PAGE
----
The Second Amendment Foundation is promising a lawsuit against a Connecticut school if it does not address inconsistencies with its firewall, which restricts access to pro-gun and conservative-leaning websites but allows students to freely view pro-gun control and liberal orientated pages.
This comes after Andrew Lampart, a senior at Nonnewaug High School in Woodbury claimed that sites belonging to many gun rights and conservative groups were restricted from access through the school’s internet firewall– while those for gun control organizations and liberal groups were not.
“It’s an outrage,” said SAF founder and Executive Vice President Alan M. Gottlieb in a statement last week.
Gottlieb elaborated, saying, “Not only was our website apparently blocked, but so was a website belonging to our friends at the National Rifle Association. Yet, this student was able to access websites belonging to the Michael Bloomberg-funded Moms Demand Action group, and the anti-gun Newtown Action Alliance.”
Lampart’s revelation came during research for an upcoming debate on gun control. When attempting to access the websites for the NRA, SAF and National Association for Gun Rights, he found they had been restricted by the school’s SonicWall firewall as “Political/Advocacy Groups.”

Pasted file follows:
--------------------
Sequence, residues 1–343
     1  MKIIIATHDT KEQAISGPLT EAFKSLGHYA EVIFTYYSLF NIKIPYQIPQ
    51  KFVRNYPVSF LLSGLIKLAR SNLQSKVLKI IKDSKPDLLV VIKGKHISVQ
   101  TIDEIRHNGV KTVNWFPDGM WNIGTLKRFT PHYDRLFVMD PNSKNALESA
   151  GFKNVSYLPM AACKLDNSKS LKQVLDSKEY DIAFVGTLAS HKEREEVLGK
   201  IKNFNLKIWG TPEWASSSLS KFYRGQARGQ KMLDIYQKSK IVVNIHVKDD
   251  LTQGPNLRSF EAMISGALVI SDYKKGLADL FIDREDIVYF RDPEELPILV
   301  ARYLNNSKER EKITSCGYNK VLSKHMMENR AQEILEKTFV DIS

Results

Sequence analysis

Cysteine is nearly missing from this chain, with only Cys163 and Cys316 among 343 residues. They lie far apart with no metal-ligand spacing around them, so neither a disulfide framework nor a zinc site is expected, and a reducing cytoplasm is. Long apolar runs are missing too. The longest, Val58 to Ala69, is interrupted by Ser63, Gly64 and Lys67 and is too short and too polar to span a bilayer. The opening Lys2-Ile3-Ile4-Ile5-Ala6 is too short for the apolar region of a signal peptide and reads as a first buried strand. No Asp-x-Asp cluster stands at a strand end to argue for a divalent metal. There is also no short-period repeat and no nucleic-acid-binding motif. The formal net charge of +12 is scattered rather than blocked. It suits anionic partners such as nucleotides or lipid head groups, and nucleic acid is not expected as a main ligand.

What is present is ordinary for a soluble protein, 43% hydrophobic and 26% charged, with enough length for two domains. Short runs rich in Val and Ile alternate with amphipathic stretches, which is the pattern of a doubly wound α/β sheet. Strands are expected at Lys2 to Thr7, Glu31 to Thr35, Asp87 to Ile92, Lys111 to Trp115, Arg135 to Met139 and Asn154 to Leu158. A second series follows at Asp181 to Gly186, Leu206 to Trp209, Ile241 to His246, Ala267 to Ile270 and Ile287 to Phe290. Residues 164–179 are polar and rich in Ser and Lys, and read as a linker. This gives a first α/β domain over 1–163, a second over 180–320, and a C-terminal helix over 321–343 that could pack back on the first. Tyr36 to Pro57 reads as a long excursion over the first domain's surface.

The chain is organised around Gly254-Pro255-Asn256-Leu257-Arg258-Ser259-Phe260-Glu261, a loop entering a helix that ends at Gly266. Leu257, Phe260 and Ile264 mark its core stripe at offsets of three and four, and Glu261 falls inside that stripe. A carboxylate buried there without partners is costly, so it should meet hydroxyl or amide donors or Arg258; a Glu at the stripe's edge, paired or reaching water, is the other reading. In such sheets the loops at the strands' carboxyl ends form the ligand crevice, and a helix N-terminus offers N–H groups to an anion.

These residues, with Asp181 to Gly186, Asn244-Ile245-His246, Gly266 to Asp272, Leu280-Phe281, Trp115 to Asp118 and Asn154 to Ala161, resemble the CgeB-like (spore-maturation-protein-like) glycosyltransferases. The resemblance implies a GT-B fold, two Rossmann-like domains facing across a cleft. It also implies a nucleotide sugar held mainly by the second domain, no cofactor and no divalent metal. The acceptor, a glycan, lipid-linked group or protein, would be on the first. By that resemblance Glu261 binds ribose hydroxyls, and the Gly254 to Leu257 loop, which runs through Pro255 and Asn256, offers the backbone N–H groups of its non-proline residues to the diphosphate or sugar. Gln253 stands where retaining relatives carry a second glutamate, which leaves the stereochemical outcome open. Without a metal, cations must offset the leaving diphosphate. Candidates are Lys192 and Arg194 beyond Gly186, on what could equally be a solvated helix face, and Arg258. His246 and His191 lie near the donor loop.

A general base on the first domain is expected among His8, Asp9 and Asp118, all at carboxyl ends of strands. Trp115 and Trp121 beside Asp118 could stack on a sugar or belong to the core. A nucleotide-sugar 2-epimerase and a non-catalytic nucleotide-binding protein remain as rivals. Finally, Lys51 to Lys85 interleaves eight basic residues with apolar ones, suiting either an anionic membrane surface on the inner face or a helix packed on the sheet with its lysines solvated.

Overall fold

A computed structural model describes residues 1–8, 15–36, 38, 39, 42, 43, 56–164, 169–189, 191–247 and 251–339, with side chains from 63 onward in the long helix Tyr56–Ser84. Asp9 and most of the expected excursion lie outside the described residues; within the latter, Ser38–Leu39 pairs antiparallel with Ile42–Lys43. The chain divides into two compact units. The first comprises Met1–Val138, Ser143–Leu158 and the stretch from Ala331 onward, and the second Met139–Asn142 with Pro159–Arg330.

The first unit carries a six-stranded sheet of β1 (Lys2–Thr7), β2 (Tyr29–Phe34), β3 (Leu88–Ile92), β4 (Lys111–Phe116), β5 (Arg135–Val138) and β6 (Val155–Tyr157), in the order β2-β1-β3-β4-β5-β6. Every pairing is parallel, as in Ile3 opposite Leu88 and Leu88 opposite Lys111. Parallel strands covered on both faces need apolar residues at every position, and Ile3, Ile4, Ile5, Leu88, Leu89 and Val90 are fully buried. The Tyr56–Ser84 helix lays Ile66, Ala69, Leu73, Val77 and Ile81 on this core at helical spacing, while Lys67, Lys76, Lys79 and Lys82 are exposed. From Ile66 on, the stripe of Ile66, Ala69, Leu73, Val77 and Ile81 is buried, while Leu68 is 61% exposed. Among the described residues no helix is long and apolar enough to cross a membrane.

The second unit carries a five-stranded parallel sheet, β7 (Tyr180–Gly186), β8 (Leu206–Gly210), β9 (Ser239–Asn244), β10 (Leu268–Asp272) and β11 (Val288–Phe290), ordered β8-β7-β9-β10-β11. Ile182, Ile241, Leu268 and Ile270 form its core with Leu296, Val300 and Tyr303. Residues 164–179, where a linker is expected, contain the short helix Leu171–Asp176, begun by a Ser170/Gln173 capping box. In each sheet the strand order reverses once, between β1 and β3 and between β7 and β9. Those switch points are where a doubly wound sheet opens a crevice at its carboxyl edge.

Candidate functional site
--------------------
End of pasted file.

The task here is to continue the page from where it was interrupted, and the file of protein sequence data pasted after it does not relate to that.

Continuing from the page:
This sparked a curiosity in the high school senior who went on to try pro-gun control sites such as those for Moms Demand Action and the Newtown Action Alliance, then discovering they were unfiltered.
Switching to politics, Lampart found he could go to the website for the Connecticut Democratic Party, while the address for the Republican Party and TeaParty.org were both blocked.
Moving on to religion, the high school senior could not access pro-Christian websites, including the Pope’s Vatican page, or anti-abortion sites while Planned Parenthood, but Islam-guide.com, and LGBT Nation were open.
Nonnewaug High School is part of Connecticut Regional School District 14 whose board of education posted a statement on their webpage regarding the filtering technology encountered by Lampart, admitting that there were “apparent inconsistencies.”
This statement has now been removed, but its promised mitigation brought harsh response from SAF.
“Regardless of the District’s intent in this matter,” SAF general counsel Miko Tempski concluded in a letter to the district superintendent, “you are violating the Constitutional rights of your students and many organizations by allowing this filtering system to remain in place. If you allow the District’s censorship to continue, you could be subject to legal liability and the expense of litigation.”
Since Lampart is graduating this month, any changes made will not affect him. Nevertheless, Gottlieb vows, “But we’re going to make sure this doesn’t happen to other students.”